Causes of Urban Growth
Perspectives on Urbanization
Problems of Urban Areas
• Transformation of a society from a rural to
an urban one.
• Urban population - Persons living in
cities or towns of 2,500 or more residents.
• Urbanized area - One or more places
and the adjacent densely populated
surrounding area that together have a
minimum population of 50,000.
• Megacities - Cities with 10 million
residents or more.
• A metropolitan area is a densely
populated core area together with
• .The largest city in each metropolitan area
is designated the central city.
Urban and rural population of the
Causes of Urban Growth
Better food supply
Good medical care
Specialization of professions
Terms of trade
• Focuses on how changes in one aspect of
the social system affect other aspects of
• Human Ecology
• Urban Ecology
• The development of urban areas is
functional for societal development.
• Urbanization is also dysfunctional,
because it leads to increased rates of
anomie as the bonds between individuals
and social groups become weak.
• Human ecology is an area of study that is
concerned with the interrelationships
between people and their environment.
• An area of study that focuses on the
interrelationships between people and
their environment in urban areas.
• There are different theories:
• Concentric-zone theory
• Demographic transition theory
• Multiple-nuclei theory
Demographic transition theory
• The demographic transition theory of
population describes how industrialization
has affected population growth.
• There are different stages in this theory:
• Stage 1: Preindustrial Societies - little
population growth, high birth rates offset
by high death rates.
• Stage 2: Early Industrialization significant population growth, birth rates
are relatively high, death rates decline.
• Stage 3: Advanced Industrialization
and Urbanization - very little population
growth occurs, birth rates and death rates
• Stage 4: Postindustrialization - birth
rates decline as more women are
employed and raising children becomes
Concentric Zone Theory
• Ernest Rurgess
• Theory of urban growth
• Growth in terms of a series of rings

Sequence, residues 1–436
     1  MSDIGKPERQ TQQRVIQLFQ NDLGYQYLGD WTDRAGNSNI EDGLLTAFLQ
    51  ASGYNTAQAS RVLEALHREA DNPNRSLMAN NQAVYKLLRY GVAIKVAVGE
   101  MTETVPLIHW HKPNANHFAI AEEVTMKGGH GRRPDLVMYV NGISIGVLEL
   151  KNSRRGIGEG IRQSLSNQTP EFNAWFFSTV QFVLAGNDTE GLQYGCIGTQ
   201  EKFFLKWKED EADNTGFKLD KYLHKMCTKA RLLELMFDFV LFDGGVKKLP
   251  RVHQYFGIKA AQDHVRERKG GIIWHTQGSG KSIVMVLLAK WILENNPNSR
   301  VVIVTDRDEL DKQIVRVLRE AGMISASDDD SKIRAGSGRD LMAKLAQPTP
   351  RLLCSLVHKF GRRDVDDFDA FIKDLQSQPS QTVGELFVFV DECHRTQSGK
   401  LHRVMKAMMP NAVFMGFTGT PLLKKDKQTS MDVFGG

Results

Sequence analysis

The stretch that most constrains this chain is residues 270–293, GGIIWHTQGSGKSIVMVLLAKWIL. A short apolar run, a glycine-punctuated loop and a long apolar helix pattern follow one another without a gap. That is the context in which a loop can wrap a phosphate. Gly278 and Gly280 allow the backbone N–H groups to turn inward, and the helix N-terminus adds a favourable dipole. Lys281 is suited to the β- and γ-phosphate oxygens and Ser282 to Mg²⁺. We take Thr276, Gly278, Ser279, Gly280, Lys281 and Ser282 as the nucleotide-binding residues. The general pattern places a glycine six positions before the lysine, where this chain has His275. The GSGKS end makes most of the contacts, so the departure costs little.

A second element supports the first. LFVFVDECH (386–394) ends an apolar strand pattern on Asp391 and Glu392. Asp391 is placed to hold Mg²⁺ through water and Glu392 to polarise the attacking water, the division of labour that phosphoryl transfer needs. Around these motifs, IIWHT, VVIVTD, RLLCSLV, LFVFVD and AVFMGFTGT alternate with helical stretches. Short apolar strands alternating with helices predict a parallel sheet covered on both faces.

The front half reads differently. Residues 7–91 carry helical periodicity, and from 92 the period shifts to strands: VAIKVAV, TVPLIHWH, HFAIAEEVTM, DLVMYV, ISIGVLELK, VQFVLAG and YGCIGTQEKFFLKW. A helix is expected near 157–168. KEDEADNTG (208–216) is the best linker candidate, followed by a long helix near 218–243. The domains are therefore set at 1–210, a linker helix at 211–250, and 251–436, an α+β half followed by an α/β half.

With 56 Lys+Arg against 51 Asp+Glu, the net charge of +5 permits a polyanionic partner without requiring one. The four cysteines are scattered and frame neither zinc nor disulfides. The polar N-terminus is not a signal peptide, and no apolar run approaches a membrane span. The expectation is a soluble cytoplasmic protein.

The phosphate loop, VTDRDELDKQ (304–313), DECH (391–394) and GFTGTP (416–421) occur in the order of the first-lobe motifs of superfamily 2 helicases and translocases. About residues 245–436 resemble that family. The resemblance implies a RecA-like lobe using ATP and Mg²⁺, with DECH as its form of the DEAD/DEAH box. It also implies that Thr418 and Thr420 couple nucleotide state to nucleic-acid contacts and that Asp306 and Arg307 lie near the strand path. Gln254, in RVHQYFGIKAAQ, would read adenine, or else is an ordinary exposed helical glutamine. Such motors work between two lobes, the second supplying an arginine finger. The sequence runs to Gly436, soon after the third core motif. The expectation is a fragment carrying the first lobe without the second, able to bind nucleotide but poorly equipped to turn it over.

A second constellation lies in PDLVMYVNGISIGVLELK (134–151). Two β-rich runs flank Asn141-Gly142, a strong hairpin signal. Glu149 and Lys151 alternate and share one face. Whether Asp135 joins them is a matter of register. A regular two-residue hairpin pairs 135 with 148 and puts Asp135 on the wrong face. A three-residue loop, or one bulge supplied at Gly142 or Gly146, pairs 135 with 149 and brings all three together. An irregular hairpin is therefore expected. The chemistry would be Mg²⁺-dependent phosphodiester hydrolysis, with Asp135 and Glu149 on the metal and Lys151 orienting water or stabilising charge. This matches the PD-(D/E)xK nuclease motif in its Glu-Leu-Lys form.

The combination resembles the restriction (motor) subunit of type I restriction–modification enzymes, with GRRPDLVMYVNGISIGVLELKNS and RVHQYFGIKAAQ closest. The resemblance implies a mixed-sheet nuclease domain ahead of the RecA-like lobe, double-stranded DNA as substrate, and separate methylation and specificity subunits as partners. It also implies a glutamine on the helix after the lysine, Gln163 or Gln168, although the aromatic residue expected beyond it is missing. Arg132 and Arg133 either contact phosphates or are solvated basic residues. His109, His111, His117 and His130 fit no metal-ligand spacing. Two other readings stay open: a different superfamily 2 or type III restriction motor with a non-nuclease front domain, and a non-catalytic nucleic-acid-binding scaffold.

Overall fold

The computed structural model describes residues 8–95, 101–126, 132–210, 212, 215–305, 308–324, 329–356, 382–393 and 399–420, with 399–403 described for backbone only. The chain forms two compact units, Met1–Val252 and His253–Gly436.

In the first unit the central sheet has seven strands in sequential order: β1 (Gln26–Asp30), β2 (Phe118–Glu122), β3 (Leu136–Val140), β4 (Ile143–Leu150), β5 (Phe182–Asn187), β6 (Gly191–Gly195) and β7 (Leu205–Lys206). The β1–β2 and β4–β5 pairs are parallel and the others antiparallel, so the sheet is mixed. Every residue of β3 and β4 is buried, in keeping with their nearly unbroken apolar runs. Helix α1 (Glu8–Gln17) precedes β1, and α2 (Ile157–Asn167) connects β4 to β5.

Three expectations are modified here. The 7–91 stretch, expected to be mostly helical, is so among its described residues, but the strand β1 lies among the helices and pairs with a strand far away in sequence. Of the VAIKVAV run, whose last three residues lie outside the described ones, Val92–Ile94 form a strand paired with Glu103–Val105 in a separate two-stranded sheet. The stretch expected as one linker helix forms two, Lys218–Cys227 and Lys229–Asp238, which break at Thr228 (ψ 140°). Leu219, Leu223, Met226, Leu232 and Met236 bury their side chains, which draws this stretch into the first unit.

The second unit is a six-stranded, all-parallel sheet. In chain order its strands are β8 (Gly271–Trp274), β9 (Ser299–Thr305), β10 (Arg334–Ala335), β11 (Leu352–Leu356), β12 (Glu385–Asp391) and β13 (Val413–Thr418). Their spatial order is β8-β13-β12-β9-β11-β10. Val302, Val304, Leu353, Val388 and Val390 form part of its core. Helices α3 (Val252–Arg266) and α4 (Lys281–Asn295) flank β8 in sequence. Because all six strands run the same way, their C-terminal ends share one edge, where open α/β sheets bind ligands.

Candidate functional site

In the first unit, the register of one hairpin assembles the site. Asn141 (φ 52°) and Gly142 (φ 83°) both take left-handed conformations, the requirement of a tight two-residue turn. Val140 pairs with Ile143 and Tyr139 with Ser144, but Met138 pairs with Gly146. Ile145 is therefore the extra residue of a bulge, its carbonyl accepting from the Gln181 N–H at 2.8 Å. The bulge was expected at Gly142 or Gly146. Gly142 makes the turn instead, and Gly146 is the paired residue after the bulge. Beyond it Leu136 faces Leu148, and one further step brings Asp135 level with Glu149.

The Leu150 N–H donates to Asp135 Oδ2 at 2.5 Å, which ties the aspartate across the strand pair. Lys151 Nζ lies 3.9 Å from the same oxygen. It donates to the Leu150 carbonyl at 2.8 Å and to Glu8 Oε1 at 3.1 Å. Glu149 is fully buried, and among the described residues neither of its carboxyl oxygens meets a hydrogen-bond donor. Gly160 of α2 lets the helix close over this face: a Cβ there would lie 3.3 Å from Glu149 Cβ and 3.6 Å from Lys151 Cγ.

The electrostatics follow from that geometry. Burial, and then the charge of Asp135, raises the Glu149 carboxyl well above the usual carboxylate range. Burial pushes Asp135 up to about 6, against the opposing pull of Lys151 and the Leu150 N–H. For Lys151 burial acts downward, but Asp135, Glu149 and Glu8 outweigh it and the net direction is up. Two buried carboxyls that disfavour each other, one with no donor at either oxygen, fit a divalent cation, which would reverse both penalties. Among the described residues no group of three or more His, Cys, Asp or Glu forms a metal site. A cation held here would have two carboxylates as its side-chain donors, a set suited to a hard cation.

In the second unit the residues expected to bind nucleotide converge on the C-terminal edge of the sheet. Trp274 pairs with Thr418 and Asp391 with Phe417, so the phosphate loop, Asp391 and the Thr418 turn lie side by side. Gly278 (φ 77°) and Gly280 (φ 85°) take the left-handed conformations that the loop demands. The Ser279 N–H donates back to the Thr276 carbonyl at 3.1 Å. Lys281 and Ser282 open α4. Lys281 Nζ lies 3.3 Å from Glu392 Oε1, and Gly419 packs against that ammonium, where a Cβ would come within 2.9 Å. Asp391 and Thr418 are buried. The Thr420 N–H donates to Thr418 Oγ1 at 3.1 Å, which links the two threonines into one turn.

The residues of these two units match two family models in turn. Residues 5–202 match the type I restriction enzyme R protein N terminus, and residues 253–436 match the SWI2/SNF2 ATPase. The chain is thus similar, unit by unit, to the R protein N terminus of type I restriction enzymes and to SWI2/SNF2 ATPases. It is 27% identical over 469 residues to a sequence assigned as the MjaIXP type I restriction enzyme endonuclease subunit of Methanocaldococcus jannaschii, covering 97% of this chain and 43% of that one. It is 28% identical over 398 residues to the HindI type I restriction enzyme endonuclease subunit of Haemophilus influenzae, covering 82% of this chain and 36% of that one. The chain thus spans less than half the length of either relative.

radiating from the central business district.
Multiple Nuclei Theory
• Chauncy D.Harris and Edward Ullman in
• A theory of urban growth.
• Growth as emerging from many centers of
development, each of which reflects a
particular urban need or activity.
of city life
The intensity of city life causes people to
become insensitive to individuals and
events around them.
Urbanism as a
way of life
Size, density, and heterogeneity of urban
population result in elaborate division of
labor and space.
• Emphasizes the role of power, wealth and
profit motive in development of urban
• Capitalism contributes to migration of rural
inhabitants to cities.
• Individuals and groups with wealth and
power influence decisions that affect
The capitalist class chooses locations for
skyscrapers and housing projects,
limiting individual choices by others.
Different cities have different ideologies
regarding access to social positions and
resources for men and women.
New Urban Sociology
• An approach to urbanization that
considers the interplay of local, national,
and worldwide forces and their effect on
local space, with special emphasis on the
impact of global economic activity.
World System Analysis
Wallerstein was a person who gave this
He argued that global economic system as
one divided between certain industrialized
nations that control wealth and developing
countries that are controlled and exploited.
Current Urban Problems
• For Developing world
5-increase in unemployment
6-shortage of land(housing)